a dr s gulit

Discussion in 'Fibromyalgia Main Forum' started by allhart, Nov 12, 2002.

  1. allhart

    allhart New Member

    Four-Wheel-Drive Medicine

    R. Landry, MD, MPH



    Late Friday afternoon. The Northeast. It's been a week of two-hour committee meetings, a statistically significant number of walk-ins, and a pair of anniversary dinner candles burned down to stubs by the time I got home. So why should I expect that the last patient of the day (and of the week, for mercifully, the weekend is all mine) will be routine? Mrs Vest. Chief complaint: chronic back pain. She has earned a record two inches thick and diagnoses that reek of frustration: failed back syndrome, facet syndrome, rule out fibromyalgia.

    She is, this evening, as I hear the office staff going about their closing ritual outside the treatment room door, what we used to call in medical school "sticky." With every statement of disengagement: "Well, hopefully this will do the trick." Or: "So we'll see you in three weeks" Or: "We'll see what these tests show." Mrs Vest completely ignores her medical-social requirements and continues to provide a free-flowing account of her symptoms. Finally, I resort to the last refuge of the harried physician. I stand, even while she is in mid-sentence, and hand her the prescription while expressing hope that this will make her feel better.

    Leaving the clinic out the back door, as she exits the front, I button the rarely used top button of my coat to keep out the wind-driven sleet that has surprised some weather forecasters and that penetrates even the warm glow of freedom and expectation I feel about the two days ahead.

    There is something profoundly world-shattering about an engine that fails to start. Perhaps the capricious nature of the event; or the removal of power; or the ultimate threat in we doctor types: the loss of control. A friend of mine once called times like these "the conspiracy of machinery." They are capable of reducing we clever, response-for-everything gurus to a passive, childlike being, sitting in cold automobiles, out of ideas, and near the edge of tolerance.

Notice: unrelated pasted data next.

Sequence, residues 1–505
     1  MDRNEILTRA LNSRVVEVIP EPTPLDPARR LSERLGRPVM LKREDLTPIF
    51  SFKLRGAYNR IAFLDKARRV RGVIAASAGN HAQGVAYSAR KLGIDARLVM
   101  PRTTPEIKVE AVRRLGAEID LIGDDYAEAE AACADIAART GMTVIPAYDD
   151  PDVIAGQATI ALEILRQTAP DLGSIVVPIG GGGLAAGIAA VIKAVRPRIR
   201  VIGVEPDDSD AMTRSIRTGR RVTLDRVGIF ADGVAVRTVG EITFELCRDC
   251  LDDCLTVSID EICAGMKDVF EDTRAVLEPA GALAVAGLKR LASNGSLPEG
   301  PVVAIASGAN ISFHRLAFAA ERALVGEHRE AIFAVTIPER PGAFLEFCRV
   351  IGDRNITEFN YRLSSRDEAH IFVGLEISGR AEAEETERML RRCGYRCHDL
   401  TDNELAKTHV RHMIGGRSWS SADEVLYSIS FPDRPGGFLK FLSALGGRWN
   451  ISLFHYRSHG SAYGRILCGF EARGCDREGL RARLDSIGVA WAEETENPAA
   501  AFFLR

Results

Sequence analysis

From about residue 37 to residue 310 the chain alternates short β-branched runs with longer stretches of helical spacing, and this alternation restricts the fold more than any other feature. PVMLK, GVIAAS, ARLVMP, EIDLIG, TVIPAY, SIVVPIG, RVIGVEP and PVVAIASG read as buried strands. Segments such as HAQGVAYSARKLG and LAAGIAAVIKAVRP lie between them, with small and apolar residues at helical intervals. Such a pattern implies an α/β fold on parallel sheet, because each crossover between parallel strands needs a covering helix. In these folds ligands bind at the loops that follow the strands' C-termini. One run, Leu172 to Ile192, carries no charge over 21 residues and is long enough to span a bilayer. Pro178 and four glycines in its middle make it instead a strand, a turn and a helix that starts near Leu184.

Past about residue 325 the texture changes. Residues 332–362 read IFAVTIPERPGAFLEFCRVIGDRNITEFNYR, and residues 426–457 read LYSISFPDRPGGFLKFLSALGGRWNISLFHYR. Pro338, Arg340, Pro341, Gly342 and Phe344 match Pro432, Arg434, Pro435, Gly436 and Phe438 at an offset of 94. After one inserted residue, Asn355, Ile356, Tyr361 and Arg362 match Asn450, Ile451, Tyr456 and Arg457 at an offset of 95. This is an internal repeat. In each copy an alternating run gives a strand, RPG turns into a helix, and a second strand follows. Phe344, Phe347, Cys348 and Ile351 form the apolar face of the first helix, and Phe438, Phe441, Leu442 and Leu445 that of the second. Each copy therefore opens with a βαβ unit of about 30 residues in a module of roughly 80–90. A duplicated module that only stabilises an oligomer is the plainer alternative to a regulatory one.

At last accepting the reality that the faithful Jeep is not going to cooperate, I once again slip into my problem-solving role. I could call the auto road service and wait the requisite hour, and with this weather perhaps two. Across the street there is still a light on at McCarthy's, where in the past I have had work done on the Jeep. Worth a shot at least.

    "Hi, Doc," greets me as I drip on McCarthy's floor. "What's up?"

    Maintaining a veneer of familiarity with the nature of the internal combustion engine, I relate to the mechanics the symptoms of my ailing auto. It's Friday, it's late, and they are closing up. I have little expectation of resolution.

    "Well, Doc. We could go over there and take a look at it for you, but . . ." Here it comes, I thought. " . . . that's not what you need now. Let me get one of our cars for you. We'll work on yours tomorrow, but you use ours for the weekend." This angel of mechanics then looked outside at the worsening weather and added, "You'll need a four-wheel drive in this mess."

    And then, as if that were not enough, he disappeared outside, without a coat, and soon drove up with an Explorer. Leaving the engine running just outside the front door, he reentered the room with a flourish of brushing and shaking the sleet from his clothes. "Better give it a few minutes, Doc. It'll heat up nicely."

    Driving home, equanimity restored, I thought about the evening's events. Is not medicine, like auto mechanics, a service profession? In that service, are we not obligated to meet the needs of our patients, even if at times these needs are poorly articulated, are even disguised? What was it that Mrs Vest wanted from me? Did I deliver?

    Janet, our receptionist, had told me some time ago that Mrs Vest was a widow, her husband having succumbed to melanoma with bone metastases several months ago. Her oldest son, she had told Janet, had injured his back and was out of work.

    Analgesics, platitudes, and half-hearted optimism did little to ease the loneliness, fear, and emotional suffering she must have been feeling. She, like me, did not have unrealistic expectations. She couldn't or wouldn't ask for what she needed. How is it that now it was clear what Mrs Vest came to get, at our clinic, in my treatment room, so late on Friday afternoon?

    Did I deliver? Did I deliver the four-wheel-drive version of my profession's care, which today amounted to an attentive, understanding ear? I think not. I could lay the blame on a system in which productivity is the currency of the realm. I could, but I know that to accept that as absolution is to throw off all those reasons why I chose to be a physician.

    I was callous. I can forgive myself this time. I think Mrs Vest will forgive me. But Neil, the mechanic, will haunt me forever if it happens again.





  2. allhart

    allhart New Member

    Four-Wheel-Drive Medicine

    R. Landry, MD, MPH